Sugar Land - Missouri City Edition | May 2022

Spaghetti squash rounds out the vegetables God's Garden grows and donates during the summer months. (Courtesy God's Garden)


Michael and Lorraine Streeb co-founded God’s Garden, which ocially became a nonprot in 2016. (Claire Shoop/Community Impact Newspaper)

God's Garden Nonprot feeds the hungry through growing community garden G od’s Garden, a Christ-centered community do so in time for the winter growing season. “We started with one row,” Lorraine said. “We were able to plant that winter and grow some vegetables to get to the food pantries.” BY HUNTER MARROW

Cucumbers are a common vegetable grown and donated by the nonprot. (Courtesy God's Garden)


garden in Missouri City, may have begun in 2016 when it earned its nonprot status, but co-founders Michael and Lorraine Streeb had been community gardening long before then. The Streebs rst grew a 10,000-square-foot community garden at All Saints Lutheran Church in Meadows Place starting in 2000, and it was designed around meeting a basic need: A lot of people could not aord to buy fresh vegetables, Lorraine said. At the church, the couple grew a variety of vegetables, including sorrel, Vietnamese melons, Indian cucum- bers, rosemary and bualo gourds. “Our mission is to basically grow vegetables free of charge and give them to the food pantries,” Lorraine said. “We do this so that it can help with the food insecurity in the area.” Eventually, the couple searched for property for a new garden after their church closed in 2019, Lorraine said. The couple started a new garden at 1125 Hwy. 90A, Missouri City, in June 2019 thanks to a 6.5-acre land donation by the property owner, Michael said. The nonprot needed to clear out trees and scrub brush to make room for a garden, but it managed to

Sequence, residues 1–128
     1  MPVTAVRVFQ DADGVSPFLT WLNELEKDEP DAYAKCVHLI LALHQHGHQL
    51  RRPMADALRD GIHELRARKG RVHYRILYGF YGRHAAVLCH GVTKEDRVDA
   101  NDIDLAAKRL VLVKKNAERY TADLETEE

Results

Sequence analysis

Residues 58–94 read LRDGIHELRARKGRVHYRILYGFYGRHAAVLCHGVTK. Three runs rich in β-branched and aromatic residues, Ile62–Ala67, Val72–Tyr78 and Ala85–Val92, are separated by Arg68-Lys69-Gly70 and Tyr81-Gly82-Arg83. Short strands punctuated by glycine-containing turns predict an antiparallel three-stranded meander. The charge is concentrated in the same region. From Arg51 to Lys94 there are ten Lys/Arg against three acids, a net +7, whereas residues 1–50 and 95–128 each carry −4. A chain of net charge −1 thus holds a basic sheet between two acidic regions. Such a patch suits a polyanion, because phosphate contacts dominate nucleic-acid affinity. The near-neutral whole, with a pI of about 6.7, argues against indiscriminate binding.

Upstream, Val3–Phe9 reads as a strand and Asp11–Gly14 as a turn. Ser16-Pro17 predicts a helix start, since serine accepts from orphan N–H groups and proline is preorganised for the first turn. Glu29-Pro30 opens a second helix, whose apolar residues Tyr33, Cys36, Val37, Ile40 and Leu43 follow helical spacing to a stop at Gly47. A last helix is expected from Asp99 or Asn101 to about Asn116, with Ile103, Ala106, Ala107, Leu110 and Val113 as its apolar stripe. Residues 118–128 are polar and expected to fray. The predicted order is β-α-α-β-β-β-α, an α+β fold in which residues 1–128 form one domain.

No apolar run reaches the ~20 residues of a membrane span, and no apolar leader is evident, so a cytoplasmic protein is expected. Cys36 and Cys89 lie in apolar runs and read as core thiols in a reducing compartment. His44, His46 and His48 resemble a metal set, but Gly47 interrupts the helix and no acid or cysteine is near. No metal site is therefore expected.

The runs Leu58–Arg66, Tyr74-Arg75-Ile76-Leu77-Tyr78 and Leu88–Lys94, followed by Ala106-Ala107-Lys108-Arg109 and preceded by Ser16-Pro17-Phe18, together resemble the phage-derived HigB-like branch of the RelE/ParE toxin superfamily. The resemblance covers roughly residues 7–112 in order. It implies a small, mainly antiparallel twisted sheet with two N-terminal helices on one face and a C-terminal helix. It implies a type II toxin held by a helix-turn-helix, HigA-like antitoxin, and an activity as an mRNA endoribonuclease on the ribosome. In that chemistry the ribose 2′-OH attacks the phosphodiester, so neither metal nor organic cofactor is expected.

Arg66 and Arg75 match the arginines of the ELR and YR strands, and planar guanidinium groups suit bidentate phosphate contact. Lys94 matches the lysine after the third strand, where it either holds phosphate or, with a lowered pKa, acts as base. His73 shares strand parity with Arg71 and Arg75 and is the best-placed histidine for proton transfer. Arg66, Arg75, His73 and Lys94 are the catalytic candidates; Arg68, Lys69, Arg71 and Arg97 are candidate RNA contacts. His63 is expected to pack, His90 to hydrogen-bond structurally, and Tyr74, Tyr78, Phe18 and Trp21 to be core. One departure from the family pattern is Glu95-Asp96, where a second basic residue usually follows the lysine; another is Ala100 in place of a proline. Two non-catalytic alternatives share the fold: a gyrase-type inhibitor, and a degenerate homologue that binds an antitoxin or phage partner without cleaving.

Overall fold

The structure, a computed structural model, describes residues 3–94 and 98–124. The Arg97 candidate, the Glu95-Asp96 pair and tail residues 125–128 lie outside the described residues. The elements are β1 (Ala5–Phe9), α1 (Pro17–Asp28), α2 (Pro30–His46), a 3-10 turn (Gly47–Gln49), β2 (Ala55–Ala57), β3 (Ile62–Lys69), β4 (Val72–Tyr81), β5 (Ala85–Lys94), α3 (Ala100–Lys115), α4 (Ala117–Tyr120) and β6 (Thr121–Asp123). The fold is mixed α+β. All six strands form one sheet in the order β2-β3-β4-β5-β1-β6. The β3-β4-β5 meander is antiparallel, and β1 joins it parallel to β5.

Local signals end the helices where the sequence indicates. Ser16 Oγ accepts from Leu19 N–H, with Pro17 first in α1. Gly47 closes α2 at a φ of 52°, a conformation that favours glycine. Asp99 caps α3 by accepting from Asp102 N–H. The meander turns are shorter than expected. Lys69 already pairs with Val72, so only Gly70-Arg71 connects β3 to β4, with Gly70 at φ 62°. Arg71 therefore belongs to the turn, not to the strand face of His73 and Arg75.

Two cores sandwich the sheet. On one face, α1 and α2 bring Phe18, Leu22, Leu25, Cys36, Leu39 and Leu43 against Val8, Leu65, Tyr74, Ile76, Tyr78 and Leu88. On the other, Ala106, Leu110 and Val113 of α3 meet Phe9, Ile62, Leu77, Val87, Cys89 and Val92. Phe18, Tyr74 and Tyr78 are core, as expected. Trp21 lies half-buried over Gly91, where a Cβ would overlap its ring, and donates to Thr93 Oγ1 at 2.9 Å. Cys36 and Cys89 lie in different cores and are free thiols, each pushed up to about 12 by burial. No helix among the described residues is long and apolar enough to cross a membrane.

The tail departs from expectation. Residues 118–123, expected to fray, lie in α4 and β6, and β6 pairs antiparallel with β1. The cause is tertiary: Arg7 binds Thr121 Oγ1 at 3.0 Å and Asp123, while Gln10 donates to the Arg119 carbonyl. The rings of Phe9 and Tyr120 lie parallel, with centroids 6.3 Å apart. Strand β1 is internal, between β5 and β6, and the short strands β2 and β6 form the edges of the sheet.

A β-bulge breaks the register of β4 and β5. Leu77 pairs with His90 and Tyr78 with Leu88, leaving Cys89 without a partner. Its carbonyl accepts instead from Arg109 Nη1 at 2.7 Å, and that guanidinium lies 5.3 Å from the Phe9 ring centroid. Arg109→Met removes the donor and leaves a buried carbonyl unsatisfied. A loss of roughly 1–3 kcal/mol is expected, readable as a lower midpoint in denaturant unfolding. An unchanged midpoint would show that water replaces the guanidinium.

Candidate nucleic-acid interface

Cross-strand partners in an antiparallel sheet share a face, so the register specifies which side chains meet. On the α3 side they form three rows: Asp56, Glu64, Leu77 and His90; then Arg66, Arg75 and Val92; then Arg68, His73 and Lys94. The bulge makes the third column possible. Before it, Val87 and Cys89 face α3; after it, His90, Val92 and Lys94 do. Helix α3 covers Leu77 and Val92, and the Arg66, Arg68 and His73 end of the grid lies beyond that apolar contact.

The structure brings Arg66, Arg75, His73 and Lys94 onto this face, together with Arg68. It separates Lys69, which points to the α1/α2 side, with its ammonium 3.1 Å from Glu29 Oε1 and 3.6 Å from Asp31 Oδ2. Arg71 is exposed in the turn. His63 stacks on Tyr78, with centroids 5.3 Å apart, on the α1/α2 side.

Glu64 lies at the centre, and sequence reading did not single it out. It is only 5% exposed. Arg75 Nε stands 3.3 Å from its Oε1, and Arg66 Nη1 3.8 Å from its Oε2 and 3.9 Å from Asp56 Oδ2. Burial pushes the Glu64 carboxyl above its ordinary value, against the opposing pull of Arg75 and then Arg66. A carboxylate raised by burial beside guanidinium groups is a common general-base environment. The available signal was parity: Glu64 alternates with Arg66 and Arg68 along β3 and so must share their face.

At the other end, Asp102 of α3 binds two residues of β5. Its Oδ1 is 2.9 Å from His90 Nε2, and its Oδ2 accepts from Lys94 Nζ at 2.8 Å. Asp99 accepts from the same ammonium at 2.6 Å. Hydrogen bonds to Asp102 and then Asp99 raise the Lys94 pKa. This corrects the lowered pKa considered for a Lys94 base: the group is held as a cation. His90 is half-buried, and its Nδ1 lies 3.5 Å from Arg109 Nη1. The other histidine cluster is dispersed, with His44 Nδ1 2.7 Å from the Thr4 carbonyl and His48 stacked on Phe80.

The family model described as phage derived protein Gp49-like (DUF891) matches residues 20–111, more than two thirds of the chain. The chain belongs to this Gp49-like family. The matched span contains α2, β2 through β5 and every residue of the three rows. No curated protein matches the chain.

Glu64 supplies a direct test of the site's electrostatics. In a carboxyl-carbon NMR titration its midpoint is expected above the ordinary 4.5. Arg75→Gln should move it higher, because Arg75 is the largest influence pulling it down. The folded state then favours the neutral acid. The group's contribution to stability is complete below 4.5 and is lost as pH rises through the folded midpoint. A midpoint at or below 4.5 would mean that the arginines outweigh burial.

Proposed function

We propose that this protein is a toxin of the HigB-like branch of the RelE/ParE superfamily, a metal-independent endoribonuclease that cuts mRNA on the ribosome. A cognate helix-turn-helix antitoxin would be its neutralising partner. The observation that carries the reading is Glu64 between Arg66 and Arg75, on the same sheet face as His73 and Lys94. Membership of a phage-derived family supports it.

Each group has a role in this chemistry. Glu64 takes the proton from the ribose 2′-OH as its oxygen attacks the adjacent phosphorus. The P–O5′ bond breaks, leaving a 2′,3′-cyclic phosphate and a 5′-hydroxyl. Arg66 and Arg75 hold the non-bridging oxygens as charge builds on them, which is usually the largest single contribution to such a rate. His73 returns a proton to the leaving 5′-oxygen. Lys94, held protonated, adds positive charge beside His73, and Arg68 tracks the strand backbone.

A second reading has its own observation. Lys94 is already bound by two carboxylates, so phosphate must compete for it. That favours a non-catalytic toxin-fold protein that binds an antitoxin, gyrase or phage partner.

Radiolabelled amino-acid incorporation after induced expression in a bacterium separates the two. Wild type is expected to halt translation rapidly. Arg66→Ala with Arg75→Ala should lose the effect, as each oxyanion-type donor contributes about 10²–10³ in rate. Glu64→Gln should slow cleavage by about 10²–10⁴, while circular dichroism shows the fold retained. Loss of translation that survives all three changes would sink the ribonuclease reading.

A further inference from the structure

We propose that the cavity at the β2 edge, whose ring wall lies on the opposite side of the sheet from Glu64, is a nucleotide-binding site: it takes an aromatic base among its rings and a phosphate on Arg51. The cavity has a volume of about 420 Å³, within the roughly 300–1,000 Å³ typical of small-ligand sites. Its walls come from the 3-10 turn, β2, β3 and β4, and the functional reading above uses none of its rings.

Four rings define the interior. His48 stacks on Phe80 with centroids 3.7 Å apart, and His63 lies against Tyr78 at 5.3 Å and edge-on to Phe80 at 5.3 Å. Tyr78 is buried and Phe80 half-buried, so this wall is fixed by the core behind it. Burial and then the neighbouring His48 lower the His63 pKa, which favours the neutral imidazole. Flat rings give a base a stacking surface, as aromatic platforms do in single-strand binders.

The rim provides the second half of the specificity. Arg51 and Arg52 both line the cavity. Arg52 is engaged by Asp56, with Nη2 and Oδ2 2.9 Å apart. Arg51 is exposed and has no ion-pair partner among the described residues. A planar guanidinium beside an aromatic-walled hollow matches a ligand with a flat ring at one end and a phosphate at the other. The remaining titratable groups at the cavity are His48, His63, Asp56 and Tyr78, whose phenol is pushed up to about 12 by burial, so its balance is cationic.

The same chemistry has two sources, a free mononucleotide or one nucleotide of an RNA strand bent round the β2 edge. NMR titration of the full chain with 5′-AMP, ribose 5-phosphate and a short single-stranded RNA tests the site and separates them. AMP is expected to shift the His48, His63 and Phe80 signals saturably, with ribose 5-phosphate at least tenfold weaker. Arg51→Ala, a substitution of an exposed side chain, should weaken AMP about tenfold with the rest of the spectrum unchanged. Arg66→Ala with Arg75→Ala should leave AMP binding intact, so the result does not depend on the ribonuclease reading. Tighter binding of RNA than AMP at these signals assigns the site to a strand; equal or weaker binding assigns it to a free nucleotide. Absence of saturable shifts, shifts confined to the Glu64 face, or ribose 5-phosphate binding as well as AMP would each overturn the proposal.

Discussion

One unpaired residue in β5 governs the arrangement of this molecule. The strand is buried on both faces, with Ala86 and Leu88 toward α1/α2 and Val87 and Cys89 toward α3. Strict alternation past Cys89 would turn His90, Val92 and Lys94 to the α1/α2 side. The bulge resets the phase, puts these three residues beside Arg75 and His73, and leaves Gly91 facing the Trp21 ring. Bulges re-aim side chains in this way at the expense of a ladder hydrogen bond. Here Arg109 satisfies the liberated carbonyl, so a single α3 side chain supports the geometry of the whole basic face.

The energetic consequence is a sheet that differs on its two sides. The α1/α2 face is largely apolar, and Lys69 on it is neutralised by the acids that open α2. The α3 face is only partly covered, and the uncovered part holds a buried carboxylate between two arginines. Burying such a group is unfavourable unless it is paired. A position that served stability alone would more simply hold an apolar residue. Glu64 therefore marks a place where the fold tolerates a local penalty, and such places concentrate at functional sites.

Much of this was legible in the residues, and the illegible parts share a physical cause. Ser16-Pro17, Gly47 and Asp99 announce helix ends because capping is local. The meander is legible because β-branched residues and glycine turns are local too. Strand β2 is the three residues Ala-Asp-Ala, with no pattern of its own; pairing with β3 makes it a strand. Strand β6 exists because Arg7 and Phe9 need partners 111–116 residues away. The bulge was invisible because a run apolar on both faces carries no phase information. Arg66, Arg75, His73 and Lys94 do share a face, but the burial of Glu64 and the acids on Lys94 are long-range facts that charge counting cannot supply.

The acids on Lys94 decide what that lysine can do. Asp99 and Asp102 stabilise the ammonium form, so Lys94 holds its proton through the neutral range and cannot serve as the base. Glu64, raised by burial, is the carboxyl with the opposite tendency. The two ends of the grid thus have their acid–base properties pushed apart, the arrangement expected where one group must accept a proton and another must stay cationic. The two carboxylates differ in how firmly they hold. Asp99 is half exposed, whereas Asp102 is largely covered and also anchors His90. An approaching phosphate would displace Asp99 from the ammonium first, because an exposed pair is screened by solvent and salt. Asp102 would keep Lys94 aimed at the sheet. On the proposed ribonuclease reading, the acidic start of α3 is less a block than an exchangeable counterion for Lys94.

God’s Garden donates dierent vegetables for the spring/summer and winter seasons. Here is a roundup of some of its spring and summer oerings: • Cucumbers

With Michael’s and Lorraine’s experience working the land since their youth, the nonprot has signi- cantly grown its annual yield of fresh vegetables donated to its partners, including Second Mile Ministry, East Fort Bend Human Needs Ministry, Richmond-Rosenberg Helping Hands and Mamie George Community Center’s Trini’s Corner Market. God’s Garden gave 5,440 pounds of vegetables to local food pantries in 2017—an average of about 1,088 meals. By 2021, when the garden expanded to more than 15,400 square feet, the nonprot had donated 17,447 pounds of fresh vegetables, Lorraine said. Vegetables including butternut squash, spaghetti squash, delicata squash, cucumbers and some okra are some of the spring and summer donated vegeta- bles that go to partners. “That growth really says that there is a lot of food insecurity in the Greater Fort Bend area,” Lorraine said. “I’ve seen people get food from the dierent food pantries, a lot of packaged foods, but they don’t always get fresh.” Claire Shoop contributed to this report.

• White squash • Yellow squash • Okra

• Delicata squash • Spaghetti squash

God’s Garden 1125 Hwy. 90A, Missouri City 281-499-5625 Hours: 8-11 a.m., Mon.-Sat., closed Sun.



Sugar Land Opens June 1! 3219 Highway 6 / 281.720.6540



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